Metric Halo ULN-8 and LIO-8 are amazing audio interfaces, high class and the heart of my DAW. ULN-8 and LIO-8 are technical twins, the LIO-8 comes without Mic-Pre's and +DSP license. It can be fully retrofitted and is then identical to the ULN-8. My Lio-8 has 4 mic preamps. For cascaded interfaces it is sufficient if only one device has the +DSP license.
Fantastic microphone preamplifiers, two integrated DI inputs, reference class AD-DA conversion, internal 80 bit processing, hard- and software excellently designed, stable. A headphone amplifier that lets hifi freaks jubilate. These devices appear big and expensive at first sight, but on closer inspection they are small and extremely affordable! They replace hardware that, in comparable quality, would be more than 10 times more expensive and would have to be transported in heavy flightcases.
The included software "MIO Console" allows all conceivable configurations: monitoring, MS circuit, analog summation, arbitrary bus structures and cascading of several interfaces are possible. The most important parameters are externally controllable. It can record more than 100 tracks at the same time. A host software is therefore only necessary with the the editing.
The +DSP license includes a wealth of fine Plug-Ins (EQ, Compressor, Limiter, Gate, Delay, Reverb, Transient-Designer etc.), partly with good Presets. Live, editing, or Mastering setups are easy to store and retrieve. Two very important points: the Plug-Ins do not feel like Plug-Ins, nor do they sound like that! The interfaces have their own processors, which conserves the computer resources.
My favorite, the MIO-Strip, is also available without +DSP license. It contains a Gate, Compressor and a six-band EQ and has a quality with which one could actually work exclusively. Even after years, I can only praise and praise the Metric Halo overall concept.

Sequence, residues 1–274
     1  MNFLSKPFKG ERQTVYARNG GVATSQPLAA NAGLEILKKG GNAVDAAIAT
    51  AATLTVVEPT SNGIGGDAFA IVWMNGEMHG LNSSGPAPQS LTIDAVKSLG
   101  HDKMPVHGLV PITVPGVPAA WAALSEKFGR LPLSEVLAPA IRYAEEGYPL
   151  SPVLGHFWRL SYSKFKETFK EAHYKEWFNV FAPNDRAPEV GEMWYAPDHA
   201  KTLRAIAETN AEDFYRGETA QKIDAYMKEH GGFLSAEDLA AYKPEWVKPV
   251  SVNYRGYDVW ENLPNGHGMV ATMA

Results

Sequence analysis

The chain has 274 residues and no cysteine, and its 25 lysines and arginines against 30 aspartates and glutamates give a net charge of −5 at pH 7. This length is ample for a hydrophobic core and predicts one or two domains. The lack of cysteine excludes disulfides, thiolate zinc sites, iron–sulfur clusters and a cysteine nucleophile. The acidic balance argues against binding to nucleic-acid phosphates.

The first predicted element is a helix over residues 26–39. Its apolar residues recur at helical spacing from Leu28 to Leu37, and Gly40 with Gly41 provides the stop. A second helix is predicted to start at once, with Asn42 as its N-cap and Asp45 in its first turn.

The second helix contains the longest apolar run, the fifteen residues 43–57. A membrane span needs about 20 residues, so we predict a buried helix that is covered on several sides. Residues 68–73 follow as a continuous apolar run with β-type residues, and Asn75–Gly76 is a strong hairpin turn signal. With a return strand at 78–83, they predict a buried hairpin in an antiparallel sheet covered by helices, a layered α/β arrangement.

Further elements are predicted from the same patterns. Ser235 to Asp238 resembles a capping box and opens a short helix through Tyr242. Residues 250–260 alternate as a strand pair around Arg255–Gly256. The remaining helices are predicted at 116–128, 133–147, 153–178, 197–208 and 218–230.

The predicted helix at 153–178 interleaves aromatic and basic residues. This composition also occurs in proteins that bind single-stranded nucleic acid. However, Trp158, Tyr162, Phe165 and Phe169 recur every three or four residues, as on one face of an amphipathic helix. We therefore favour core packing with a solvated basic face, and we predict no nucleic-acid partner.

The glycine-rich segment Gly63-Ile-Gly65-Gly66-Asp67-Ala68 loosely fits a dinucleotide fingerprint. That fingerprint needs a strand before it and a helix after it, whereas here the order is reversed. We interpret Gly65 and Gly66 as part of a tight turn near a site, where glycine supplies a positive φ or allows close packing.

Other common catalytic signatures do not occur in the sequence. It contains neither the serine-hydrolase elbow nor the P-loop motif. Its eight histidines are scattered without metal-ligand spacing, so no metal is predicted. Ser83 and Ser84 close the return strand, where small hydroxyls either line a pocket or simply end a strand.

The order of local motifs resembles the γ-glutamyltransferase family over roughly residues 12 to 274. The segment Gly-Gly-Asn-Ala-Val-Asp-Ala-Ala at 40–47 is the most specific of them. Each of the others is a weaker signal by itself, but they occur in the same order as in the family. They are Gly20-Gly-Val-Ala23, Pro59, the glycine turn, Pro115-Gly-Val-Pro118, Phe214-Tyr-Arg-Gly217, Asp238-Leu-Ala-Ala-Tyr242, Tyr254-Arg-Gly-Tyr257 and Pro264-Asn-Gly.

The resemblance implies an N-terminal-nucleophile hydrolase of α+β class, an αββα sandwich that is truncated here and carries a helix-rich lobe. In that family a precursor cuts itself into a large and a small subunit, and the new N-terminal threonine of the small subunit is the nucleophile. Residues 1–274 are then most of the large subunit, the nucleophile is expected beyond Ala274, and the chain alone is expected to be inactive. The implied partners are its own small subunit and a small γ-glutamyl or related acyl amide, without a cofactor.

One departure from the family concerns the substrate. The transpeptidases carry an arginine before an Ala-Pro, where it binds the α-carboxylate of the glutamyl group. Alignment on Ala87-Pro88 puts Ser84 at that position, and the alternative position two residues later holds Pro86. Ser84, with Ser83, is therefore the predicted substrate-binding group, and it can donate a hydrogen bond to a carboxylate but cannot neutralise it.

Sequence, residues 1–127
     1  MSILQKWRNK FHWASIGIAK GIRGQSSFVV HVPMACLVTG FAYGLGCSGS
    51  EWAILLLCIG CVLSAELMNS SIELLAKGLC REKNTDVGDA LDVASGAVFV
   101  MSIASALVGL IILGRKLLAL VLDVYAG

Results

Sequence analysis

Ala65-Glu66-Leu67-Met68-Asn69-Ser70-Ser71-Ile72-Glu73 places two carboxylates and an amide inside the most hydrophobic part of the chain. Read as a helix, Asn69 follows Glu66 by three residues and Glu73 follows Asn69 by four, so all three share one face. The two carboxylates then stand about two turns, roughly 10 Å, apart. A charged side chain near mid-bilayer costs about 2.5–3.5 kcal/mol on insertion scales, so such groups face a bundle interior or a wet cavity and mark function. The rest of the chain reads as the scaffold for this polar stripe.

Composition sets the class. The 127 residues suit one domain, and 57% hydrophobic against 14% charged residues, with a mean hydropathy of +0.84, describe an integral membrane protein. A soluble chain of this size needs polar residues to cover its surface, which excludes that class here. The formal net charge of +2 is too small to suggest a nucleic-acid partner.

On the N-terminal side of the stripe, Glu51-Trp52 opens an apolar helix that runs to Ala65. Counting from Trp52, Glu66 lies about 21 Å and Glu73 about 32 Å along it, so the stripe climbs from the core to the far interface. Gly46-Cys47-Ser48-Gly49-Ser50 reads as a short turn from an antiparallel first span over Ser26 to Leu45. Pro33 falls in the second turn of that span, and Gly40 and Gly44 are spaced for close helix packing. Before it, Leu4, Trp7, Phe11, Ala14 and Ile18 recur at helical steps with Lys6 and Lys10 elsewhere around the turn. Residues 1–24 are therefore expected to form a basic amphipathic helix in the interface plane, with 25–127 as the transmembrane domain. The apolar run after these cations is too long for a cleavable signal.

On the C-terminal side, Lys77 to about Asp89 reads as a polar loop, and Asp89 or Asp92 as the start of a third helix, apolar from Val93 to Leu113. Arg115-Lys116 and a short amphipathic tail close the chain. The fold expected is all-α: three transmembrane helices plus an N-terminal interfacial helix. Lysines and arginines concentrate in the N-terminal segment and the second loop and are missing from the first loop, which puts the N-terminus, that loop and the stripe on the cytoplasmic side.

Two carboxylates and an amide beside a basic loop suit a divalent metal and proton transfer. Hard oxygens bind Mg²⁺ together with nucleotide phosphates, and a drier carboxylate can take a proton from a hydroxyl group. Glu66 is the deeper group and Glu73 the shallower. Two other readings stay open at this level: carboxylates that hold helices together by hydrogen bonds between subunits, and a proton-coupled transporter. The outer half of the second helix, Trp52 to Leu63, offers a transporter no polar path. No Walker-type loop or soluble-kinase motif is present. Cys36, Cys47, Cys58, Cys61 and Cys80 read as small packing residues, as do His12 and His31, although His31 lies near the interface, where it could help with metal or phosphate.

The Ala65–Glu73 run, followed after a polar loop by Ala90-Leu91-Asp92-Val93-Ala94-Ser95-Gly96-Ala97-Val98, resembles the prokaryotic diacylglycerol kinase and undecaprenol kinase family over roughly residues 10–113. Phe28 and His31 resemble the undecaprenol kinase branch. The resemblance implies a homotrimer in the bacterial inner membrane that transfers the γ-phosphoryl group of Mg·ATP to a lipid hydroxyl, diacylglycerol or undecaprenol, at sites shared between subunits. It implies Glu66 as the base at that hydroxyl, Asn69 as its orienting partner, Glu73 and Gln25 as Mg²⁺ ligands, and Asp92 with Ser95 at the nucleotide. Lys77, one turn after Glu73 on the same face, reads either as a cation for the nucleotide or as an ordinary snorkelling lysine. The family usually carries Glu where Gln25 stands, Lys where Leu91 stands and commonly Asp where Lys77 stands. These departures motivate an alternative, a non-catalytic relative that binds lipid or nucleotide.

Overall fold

Special ideas can be implemented at the "graph level": full studio-processors can be built with the "Building Blocks". Building Blocks are e.g. Summer, Adder, Delay, LFO, Filter ... An incredible toolbox! These interfaces are a complete studio - including summation and monitor controller. Soundwise there is no critics, but a never-ending surprise and pleasure.
With SpectraFoo, Metric Halo also offers an analysis software that makes these devices a first choice for sound engineers. For the majority, the standard version of the software should suffice - but there is also a full version with which also halls can be measured and more.
My now 13-year experience with this company and its products - represented in Germany outstanding by Anne Goerth and Stefan Bahr - is without comparison - and these audio interfaces are genuinely rich!
Because ULN-8 and LIO-8 are equipped with many connectors, they are designed as D-Sub25 connectors. This means that multicores and breakout cables or stageboxes are needed.
Metric Halo 3d Upgrade (August 2018)
Metric Halo did it again! The 3d upgrade is finally here:
Improved clock (more transparent sound), significantly more DSP performance. Multiple interfaces can be connected via Ethernet (MH-Link, 128 channels @ 192k bidirectional). Therefor the upgrade comes with a new backplane, now without Firewire, but with Audio over Ethernet and USB-c. The maximum additional latency at 8 combined interface is 16 microseconds, that is 0.16 ms! Also new are the EdgeCards (far right) and the EdgeBus. Now the interfaces can be expanded, optionally with SPDIF, ADAT, AES, MADI (copper or optical) or MIDI.